I recently visited Rumtek Monastery after a long time with Jaya and Babai. Jaya and I visited this monastery for the first time over two decades ago. Rumtek is a Tibetan Buddhist monastery located almost 24 km away from Gangtok, the capital of the North-eastern Indian state of Sikkim, at an altitude of about 1,550 m (5,100 ft).
The Rumtek monastery, a replica of the Tsurphu monastery of Kham region of Tibet belongs to the Kagyu lineage. Tsurphu monastery is the main seat of the Kagyu lineage established in 1187 by the 1st Karmapa Dusum Khyenpa (1110-1193). Rumtek is the largest monastery in the Eastern Himalaya. It was built by the 9th Karmapa Wangchuk Dorje during the reign of the fourth Chogyal in 1740 in the East District.
The main temple, surrounded by monk’s quarter, is a four storey structure with a golden sculpture, the ghanzira, adorning the rooftop. The ghanzira is a combination of five distinct shapes representing the five Tathagata (Buddha) families — Amitabha; the wheel, Vairochana; the bell, Amoghasiddhi; the vase, Akshobya; and the jewel, Ratnasambhava.
The main entrance of the temple is decorated with traditional colourful murals. Huge life-size images of the Four Heavenly Kings — Virudaka, Virupaksha, Dhritarashtra, and Vaishravana — stand guarding the four cardinal directions. Also, what is instantly noticeable here is the painting of a Hindu God, Lord Ganesha. He finds a place here because of the vision of the 16th Karmapa in which he saw Lord Ganesha aiding the construction work.
The monastery has a special prayer hall, very impressive murals and thanka paintings and 1001 miniature golden images of Lord Buddha. The Main Shrine Hall inside stands on strong red pillars with long, round silk banners and ancient thankas suspended from them. The walls of the hall are replete with paintings of the Kagyu lineage, the Eight Great Bodhisattvas, the Sixteen Arhats and the Genduk Chogngi.
The monastery is currently the largest in Sikkim. It is home to the community of monks and where they perform the rituals and practices of the Karma Kagyu lineage. It also has a religious centre by the name of Dharma Chakra Centre and a big residential-cum-prayer hall. It also has an impressive library and special rooms for the high-ranking incarnate Lamas.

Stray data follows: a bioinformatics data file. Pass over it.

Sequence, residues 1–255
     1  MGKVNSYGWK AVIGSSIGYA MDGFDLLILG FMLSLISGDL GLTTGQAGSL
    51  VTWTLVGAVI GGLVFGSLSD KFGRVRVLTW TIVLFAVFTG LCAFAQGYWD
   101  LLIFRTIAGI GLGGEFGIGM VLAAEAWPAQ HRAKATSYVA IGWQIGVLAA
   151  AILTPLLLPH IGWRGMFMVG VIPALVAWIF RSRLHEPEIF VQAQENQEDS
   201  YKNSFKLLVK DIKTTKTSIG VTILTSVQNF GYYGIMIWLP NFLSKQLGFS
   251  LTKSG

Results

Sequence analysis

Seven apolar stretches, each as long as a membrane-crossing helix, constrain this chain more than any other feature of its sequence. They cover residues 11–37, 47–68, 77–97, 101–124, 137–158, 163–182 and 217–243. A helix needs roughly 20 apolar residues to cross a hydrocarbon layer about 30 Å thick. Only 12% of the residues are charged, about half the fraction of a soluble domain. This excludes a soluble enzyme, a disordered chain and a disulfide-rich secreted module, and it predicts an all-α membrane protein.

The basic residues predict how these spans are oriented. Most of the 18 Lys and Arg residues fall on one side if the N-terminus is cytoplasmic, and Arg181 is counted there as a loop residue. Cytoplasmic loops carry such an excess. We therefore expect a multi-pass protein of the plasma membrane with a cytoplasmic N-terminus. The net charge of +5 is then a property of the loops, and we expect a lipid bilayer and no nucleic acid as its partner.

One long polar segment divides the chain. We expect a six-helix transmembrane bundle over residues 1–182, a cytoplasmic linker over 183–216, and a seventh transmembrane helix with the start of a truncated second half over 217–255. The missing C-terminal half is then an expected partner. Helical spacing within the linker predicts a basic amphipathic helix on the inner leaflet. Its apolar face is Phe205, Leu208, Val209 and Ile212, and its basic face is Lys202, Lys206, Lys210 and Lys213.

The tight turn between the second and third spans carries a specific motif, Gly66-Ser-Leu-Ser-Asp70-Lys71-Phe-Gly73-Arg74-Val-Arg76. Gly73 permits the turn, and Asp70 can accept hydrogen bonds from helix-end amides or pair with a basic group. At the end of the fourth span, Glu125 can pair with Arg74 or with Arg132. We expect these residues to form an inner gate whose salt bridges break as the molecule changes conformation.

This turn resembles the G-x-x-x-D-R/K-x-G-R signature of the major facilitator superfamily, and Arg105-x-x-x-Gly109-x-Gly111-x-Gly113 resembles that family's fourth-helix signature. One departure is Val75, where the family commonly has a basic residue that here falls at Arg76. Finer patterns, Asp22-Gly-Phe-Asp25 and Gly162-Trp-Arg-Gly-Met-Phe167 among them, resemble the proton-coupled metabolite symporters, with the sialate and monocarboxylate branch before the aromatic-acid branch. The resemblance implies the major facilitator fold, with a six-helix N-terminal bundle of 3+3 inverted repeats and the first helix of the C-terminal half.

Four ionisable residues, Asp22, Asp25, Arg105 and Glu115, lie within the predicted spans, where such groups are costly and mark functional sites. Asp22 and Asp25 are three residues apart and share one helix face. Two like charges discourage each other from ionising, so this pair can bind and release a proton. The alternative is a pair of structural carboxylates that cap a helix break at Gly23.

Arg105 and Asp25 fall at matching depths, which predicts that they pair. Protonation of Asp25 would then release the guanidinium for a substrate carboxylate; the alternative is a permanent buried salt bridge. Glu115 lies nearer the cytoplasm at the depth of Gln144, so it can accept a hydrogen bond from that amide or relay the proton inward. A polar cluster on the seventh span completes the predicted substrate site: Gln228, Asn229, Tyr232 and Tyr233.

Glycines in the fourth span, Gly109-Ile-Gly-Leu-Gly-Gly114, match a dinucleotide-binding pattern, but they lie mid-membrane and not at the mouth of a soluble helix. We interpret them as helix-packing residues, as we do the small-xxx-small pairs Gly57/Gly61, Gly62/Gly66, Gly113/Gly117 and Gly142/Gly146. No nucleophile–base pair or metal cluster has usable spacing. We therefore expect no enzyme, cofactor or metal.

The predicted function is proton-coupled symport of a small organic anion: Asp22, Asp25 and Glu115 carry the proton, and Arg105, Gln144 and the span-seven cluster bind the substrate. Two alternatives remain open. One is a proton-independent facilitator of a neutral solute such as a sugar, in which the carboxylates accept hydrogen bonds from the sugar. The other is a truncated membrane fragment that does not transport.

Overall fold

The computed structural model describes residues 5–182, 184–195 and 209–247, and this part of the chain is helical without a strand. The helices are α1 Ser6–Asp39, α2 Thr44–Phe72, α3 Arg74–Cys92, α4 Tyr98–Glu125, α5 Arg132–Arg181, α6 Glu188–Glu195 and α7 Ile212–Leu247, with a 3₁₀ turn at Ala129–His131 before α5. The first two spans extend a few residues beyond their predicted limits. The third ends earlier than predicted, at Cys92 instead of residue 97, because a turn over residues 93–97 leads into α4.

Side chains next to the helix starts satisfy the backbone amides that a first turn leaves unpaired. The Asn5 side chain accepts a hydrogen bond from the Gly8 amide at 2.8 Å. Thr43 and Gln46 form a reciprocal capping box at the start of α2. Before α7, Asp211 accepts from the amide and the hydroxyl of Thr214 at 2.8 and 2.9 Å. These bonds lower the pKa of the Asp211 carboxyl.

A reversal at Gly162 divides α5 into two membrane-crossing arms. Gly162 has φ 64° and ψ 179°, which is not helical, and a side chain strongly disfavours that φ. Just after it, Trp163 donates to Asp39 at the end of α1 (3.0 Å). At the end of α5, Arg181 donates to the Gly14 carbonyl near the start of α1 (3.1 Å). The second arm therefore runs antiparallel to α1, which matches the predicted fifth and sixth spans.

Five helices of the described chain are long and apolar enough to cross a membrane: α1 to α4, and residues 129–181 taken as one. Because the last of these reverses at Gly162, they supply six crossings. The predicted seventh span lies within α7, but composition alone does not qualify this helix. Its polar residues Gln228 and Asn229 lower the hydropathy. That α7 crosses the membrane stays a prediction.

The Rumtek Dharma Chakra Centre is the seat of the Kagyu lineage, one of the four main schools of Tibetan Buddhism. The Kagyu lineage originated with the Bengali yogi Tilopada (988-1069) – Tilopa in Prakrit – and spread throughout the Himalayas, including Tibet. Today, the Kagyu lineage of Buddhism is practiced worldwide.
When the Communists began to occupy Tibet during the 1950s, the Karmapa realized he would have to leave the country to preserve the accumulated spiritual legacy of the Karma Kagyu. The Karma Kagyu school belongs to the Vajrayana branch of Mahayana Buddhism and the supreme lama of the Karma Kagyu is the Karmapa. During the 1959 uprising, the Karmapa left Tsurphu Monastery with a group of 150 tulkus, lamas, monks, and lay followers. Carrying spiritual treasures, relics, and texts that had been collected at Tsurphu for 700 years, they made the long and difficult journey to India through Bhutan. On reaching the Indian border town of Buxa Duar, the Karmapa received an invitation from His Majesty Chogyal Tashi Namgyal, the king of Sikkim, to establish a new seat in that country. The Karmapa accepted, continuing a very long religious and spiritual relationship between the Gyalwa Karmapas and the kingdom of Sikkim. The sacred items and relics brought out from Tsurphu Monastery, the Karmapa’s seat in Tibet, were installed.
The monastery overlooking Gangtok receives a large number of devotees and tourists throughout the year. Behind the main monastery is an extremely impressive and elaborately decorated Karma Nalanda Institute of Buddhist Studies, wherein students from all over the world are enrolled.
After our prayers, we left for Gangtok. On our way, we stopped for a while for hot tea and momo, a Tibetan food. It was raining then and hot tea and momo tasted lovely.